Income-related inequalities and inequities in health care services utilisation in 18 selected OECD countries
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A key policy objective in OECD countries is to achieve adequate access to health care for all people on the basis of need. Previous studies have shown that there are inequities in health care services utilisation (HCSU) in the OECD area. In recent years, measures have been taken to enhance health care access. This paper re-examines income-related inequities in doctor visits among 18 selected OECD countries, updating previous results for 12 countries with 2006–2009 data, and including six new countries. Inequalities in preventive care services are also considered for the first time. The indirect standardisation procedure is used to estimate the need-adjusted HCSU and concentration indexes are derived to gauge inequalities and inequities. Overall, inequities in HCSU remain present in OECD countries. In most countries, for the same health care needs, people with higher incomes are more likely to consult a doctor than those with lower incomes. Pro-rich inequalities in dental visits and cancer screening uptake are also found in nearly all countries, although the magnitude of these varies among countries. These findings suggest that further monitoring of inequalities is essential in order to assess whether country policy objectives are achieved on a regular basis.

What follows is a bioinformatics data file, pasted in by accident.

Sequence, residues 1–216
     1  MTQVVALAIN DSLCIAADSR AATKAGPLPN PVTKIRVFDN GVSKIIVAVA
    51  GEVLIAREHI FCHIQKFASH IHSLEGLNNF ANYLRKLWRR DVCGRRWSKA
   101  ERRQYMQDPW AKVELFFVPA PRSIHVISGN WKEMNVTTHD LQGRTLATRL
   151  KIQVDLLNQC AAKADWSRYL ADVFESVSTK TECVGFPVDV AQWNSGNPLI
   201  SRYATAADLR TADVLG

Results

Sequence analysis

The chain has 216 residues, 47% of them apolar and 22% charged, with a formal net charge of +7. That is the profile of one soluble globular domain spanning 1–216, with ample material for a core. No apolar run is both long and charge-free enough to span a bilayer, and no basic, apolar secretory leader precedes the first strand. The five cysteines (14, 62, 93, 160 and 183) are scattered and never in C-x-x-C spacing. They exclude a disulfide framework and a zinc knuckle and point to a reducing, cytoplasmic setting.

KeywordsInequality Inequity Doctor visit Preventive care Health care access
JEL ClassificationI10 I14
The author would like to thank Michael de Looper for his contribution at the initial stage of the work, and both anonymous reviewers for their helpful comments. The author also thanks data providers for supplying datasets, namely, Statistics Canada, the Finnish National Institute for Health and Welfare, the French Institute for Research and Information in Health Economics, the Robert Koch Institute for German data, the Irish Social Science Data Archive, the New Zealand Ministry of Health, the Spanish National Statistics Institute, the Swiss Federal Statistical Office, the Institute for Social and Economic Research for UK data, the American Agency for Healthcare Research and Quality, and Eurostat for EHIS. All data computations were prepared by the author, and the responsibility for the use and interpretation of these data is entirely that of the author.
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